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Glass Fiber, Apparent Birefringence

Apparent Birefringence in Glass Fiber

There is an air bubble trapped between these two glass fibers that are bound together at their terminations. The high refractive index difference between the air and the glass results in much of the light being reflected at the interface. When viewed between crossed polars the small amount of light that is transmitted becomes visible against the dark background. If one of the polarizing filters is rotated the small amount of light transmitted appears dark relative to the much greater intensity of light coming through the adjacent field of view.

Transmitted Crossed Linear Polarized Light


Apparent birefringence is the result of a change in the polarization of light from the polarizing filter in the base of the microscope (the polarizer) by the specimen on the stage that is not the result of birefringence in the specimen. There are two primary conditions that result in apparent birefringence. The first is reflection due to differences in the refractive index of the mounting medium and the specimen. Glass fiber mounted in a medium with a very different refractive index will reflect light preferentially that is polarized parallel to the length of the fiber. The light that transmits at the edge of the fiber will be preferentially polarized perpendicular to the length of the fiber. The result is a rotation of the polarization of a portion of the transmitted beam. A portion of this rotated beam will pass through the polarizing filter above the objective (the analyzer). This is different than the stress birefringence that is some times present at the edge of a glass fiber with an epoxy coating. Stress birefringence is actually due to birefringence induced by stress.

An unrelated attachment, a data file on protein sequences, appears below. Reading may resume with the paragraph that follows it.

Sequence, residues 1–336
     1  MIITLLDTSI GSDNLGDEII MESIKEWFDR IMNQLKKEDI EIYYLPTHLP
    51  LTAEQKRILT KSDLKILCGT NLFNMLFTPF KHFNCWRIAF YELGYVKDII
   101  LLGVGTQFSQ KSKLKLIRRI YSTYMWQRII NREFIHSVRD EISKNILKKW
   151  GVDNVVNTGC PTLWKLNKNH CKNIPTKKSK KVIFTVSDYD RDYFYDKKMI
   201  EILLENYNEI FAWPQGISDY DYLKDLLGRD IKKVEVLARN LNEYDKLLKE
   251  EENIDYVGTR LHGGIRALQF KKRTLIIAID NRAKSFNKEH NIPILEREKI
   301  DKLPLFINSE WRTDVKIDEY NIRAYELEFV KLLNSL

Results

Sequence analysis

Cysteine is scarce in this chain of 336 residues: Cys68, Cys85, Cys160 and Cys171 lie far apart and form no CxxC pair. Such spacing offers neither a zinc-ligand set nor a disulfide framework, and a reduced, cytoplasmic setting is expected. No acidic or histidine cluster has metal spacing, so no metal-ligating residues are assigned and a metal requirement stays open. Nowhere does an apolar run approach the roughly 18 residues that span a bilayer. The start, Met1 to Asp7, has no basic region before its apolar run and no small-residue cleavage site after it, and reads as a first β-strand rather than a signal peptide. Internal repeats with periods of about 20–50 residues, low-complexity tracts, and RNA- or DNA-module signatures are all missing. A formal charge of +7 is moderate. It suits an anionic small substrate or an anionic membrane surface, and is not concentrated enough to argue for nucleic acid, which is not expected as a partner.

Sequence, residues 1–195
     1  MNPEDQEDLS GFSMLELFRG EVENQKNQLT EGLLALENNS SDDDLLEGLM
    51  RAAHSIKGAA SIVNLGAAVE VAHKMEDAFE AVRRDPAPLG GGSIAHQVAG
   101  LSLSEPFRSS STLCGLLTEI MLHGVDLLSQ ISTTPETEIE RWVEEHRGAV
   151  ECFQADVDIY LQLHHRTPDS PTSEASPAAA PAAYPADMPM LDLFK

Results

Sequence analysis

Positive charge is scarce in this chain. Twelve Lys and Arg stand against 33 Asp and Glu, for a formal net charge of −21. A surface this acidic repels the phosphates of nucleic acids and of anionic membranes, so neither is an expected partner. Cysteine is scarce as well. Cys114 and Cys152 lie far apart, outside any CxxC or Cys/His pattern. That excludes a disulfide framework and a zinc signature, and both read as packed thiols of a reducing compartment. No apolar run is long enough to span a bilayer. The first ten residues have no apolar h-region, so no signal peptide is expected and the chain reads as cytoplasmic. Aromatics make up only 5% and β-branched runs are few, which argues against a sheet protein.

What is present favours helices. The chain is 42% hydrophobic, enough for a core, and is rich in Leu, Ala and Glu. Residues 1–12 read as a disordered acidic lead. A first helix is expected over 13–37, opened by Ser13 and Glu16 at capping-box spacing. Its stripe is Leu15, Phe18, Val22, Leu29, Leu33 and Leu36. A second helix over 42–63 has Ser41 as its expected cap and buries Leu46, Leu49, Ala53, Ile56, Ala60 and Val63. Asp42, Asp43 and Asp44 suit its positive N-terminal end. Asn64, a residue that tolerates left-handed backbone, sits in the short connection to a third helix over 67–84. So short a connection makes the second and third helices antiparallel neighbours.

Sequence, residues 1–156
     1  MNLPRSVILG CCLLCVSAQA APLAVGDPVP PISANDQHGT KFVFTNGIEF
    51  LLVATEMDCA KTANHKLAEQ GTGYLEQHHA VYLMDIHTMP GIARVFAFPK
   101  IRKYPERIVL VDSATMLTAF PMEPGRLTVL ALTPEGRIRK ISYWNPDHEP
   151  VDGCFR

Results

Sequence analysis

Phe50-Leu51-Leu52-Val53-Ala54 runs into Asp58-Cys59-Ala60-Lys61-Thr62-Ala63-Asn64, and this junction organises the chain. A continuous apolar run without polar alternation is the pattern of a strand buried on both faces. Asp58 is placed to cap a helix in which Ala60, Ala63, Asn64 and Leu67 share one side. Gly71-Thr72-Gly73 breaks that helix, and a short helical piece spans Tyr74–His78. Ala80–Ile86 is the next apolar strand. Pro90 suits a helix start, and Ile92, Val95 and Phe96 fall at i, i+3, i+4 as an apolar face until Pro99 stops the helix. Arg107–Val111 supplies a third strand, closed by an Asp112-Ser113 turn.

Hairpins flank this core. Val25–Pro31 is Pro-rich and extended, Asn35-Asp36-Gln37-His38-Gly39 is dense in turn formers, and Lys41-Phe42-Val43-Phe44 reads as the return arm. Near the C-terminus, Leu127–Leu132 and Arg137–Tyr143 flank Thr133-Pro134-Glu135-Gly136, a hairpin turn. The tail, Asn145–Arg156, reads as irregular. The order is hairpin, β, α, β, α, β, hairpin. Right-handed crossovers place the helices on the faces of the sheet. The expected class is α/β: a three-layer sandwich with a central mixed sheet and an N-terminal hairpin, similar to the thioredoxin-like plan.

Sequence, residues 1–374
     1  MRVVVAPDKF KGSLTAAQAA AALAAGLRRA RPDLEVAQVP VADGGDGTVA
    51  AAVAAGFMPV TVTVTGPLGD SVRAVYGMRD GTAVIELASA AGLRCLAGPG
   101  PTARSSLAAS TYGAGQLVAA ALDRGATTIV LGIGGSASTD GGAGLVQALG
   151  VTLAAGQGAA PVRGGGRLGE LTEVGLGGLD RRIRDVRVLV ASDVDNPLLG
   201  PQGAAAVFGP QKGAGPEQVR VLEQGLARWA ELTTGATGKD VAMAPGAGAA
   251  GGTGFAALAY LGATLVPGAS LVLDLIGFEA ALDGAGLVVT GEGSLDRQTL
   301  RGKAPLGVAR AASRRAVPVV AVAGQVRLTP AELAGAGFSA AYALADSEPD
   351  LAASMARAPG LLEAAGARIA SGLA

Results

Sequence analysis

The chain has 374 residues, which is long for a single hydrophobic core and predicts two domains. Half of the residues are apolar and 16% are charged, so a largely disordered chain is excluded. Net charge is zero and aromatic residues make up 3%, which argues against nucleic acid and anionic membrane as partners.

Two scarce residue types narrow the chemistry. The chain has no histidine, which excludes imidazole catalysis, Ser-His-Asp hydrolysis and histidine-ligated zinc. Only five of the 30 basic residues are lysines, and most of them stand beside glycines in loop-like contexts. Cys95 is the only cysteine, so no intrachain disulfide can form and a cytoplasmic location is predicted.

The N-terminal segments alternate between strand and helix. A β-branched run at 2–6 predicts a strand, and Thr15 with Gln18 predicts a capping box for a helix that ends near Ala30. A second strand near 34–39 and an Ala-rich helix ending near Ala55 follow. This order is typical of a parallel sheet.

The second cause of apparent birefringence is due to absorption of light at the edge of a conductive material. Opaque objects can be identified as conductive or non-conductive by the presence or absence of light at their edge when viewed between crossed polarizing filters.

Glass fiber is a fiber composed of a material in a "glassy" state. A "glass" is any of a large class of materials that solidify from a molten state without crystallization and with random molecular orientation. They are regarded physically as supercooled liquids rather than true solids (based on the definition in the AMERICAN HERITAGE DICTIONARY). Chemically they generally contain silicon along with a number of other elements though carbon-based glasses are also common in some environments. It is estimated that there are in excess of 50,000 different chemical compositions for glass (MATERIALS HANDBOOK, by George S. Brady and Henry R. Clauser). Glass is easily formed at elevated temperature and can be made into fibers intentionally, as an artifact of thermal forming, or as a natural process as in the case of volcanic glass fiber (Pele's Hair).

"Glass fiber", as identified by light microscopy, is defined by its morphology and a few optical properties. Its cylindrical shape (a result of surface tension at elevated temperature) is best seen by the relief gradient at the edge of the fiber when viewed with transmitted oblique illumination. The random molecular structure is demonstrated by the fact that the fiber is isotropic (disapears in all orientations when viewed between linear polarizing filters at 90 degrees to one another). The brittle nature of the fiber is shown by the lack of plastic deformation at the terminations of the fiber.

Significance in the Environment:

The apparent birefringence at the edge of glass fiber must not be confused with the presence of asbestos associated with the glass fiber. Asbestos fibers will some times align with the glass fiber but that alignment will not be perfectly at the edge and it will have an abrupt termination at the end of the asbestos fiber. Some glass fibers mounted in the 1.680 refractive index liquid used to identify amosite asbestos fibers will show some apparent birefringes at the edge of the fibers.

Characteristic Features:

Associated Particles:


Brady, George S. and Henry R. Clauser, MATERIALS HANDBOOK, 11th Edition, ISBN 0-07-007069-5, pp. 341-350
Parker, Sybil P. (ed), McGRAW-HILL ENCYCOPEDIA OF PHYSICS, ISBN 0-07-045253-9, p.27.